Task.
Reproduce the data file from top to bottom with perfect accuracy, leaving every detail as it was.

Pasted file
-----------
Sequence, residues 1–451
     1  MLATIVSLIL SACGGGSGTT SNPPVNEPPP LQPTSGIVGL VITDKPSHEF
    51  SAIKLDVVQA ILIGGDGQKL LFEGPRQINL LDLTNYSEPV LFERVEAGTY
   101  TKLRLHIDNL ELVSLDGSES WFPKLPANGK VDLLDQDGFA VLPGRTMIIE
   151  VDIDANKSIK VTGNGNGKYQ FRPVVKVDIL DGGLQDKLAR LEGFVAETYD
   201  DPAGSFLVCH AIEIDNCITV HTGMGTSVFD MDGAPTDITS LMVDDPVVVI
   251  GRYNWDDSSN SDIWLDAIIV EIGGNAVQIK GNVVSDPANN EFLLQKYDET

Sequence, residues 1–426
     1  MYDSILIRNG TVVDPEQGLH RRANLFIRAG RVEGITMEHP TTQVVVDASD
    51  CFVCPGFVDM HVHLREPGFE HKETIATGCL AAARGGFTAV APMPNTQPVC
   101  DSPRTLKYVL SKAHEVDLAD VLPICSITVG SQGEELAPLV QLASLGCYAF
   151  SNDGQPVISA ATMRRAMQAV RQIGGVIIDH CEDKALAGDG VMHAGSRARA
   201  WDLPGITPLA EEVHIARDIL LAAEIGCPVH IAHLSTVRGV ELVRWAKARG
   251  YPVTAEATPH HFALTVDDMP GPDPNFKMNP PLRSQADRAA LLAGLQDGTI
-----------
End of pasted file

Sequence, residues 1–451
     1  MLATIVSLIL SACGGGSGTT SNPPVNEPPP LQPTSGIVGL VITDKPSHEF
    51  SAIKLDVVQA ILIGGDGQKL LFEGPRQINL LDLTNYSEPV LFERVEAGTY
   101  TKLRLHIDNL ELVSLDGSES WFPKLPANGK VDLLDQDGFA VLPGRTMIIE
   151  VDIDANKSIK VTGNGNGKYQ FRPVVKVDIL DGGLQDKLAR LEGFVAETYD
   201  DPAGSFLVCH AIEIDNCITV HTGMGTSVFD MDGAPTDITS LMVDDPVVVI
   251  GRYNWDDSSN SDIWLDAIIV EIGGNAVQIK GNVVSDPANN EFLLQKYDET

Sequence, residues 1–426
     1  MYDSILIRNG TVVDPEQGLH RRANLFIRAG RVEGITMEHP TTQVVVDASD
    51  CFVCPGFVDM HVHLREPGFE HKETIATGCL AAARGGFTAV APMPNTQPVC
   101  DSPRTLKYVL SKAHEVDLAD VLPICSITVG SQGEELAPLV QLASLGCYAF
   151  SNDGQPVISA ATMRRAMQAV RQIGGVIIDH CEDKALAGDG VMHAGSRARA
   201  WDLPGITPLA EEVHIARDIL LAAEIGCPVH IAHLSTVRGV ELVRWAKARG
   251  YPVTAEATPH HFALTVDDMP GPDPNFKMNP PLRSQADRAA LLAGLQDGTI